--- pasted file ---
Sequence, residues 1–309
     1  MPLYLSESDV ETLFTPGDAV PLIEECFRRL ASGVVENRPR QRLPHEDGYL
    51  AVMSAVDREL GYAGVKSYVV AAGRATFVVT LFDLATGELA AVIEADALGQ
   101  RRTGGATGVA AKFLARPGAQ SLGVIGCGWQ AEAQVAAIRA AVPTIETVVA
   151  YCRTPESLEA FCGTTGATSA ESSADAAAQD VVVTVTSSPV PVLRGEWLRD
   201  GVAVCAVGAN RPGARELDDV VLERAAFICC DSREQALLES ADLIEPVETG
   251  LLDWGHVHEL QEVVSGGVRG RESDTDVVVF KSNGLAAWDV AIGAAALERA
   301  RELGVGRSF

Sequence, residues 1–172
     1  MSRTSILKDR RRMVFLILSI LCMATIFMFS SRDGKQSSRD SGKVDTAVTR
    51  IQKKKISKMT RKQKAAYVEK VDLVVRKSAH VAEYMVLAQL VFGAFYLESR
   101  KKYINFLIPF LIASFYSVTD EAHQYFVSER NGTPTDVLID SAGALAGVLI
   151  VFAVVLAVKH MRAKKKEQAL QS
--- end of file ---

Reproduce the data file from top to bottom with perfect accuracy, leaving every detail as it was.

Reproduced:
Sequence, residues 1–309
     1  MPLYLSESDV ETLFTPGDAV PLIEECFRRL ASGVVENRPR QRLPHEDGYL
    51  AVMSAVDREL GYAGVKSYVV AAGRATFVVT LFDLATGELA AVIEADALGQ
   101  RRTGGATGVA AKFLARPGAQ SLGVIGCGWQ AEAQVAAIRA AVPTIETVVA
   151  YCRTPESLEA FCGTTGATSA ESSADAAAQD VVVTVTSSPV PVLRGEWLRD
   201  GVAVCAVGAN RPGARELDDV VLERAAFICC DSREQALLES ADLIEPVETG
   251  LLDWGHVHEL QEVVSGGVRG RESDTDVVVF KSNGLAAWDV AIGAAALERA
   301  RELGVGRSF

Sequence, residues 1–172
     1  MSRTSILKDR RRMVFLILSI LCMATIFMFS SRDGKQSSRD SGKVDTAVTR
    51  IQKKKISKMT RKQKAAYVEK VDLVVRKSAH VAEYMVLAQL VFGAFYLESR
   101  KKYINFLIPF LIASFYSVTD EAHQYFVSER NGTPTDVLID SAGALAGVLI
   151  VFAVVLAVKH MRAKKKEQAL QS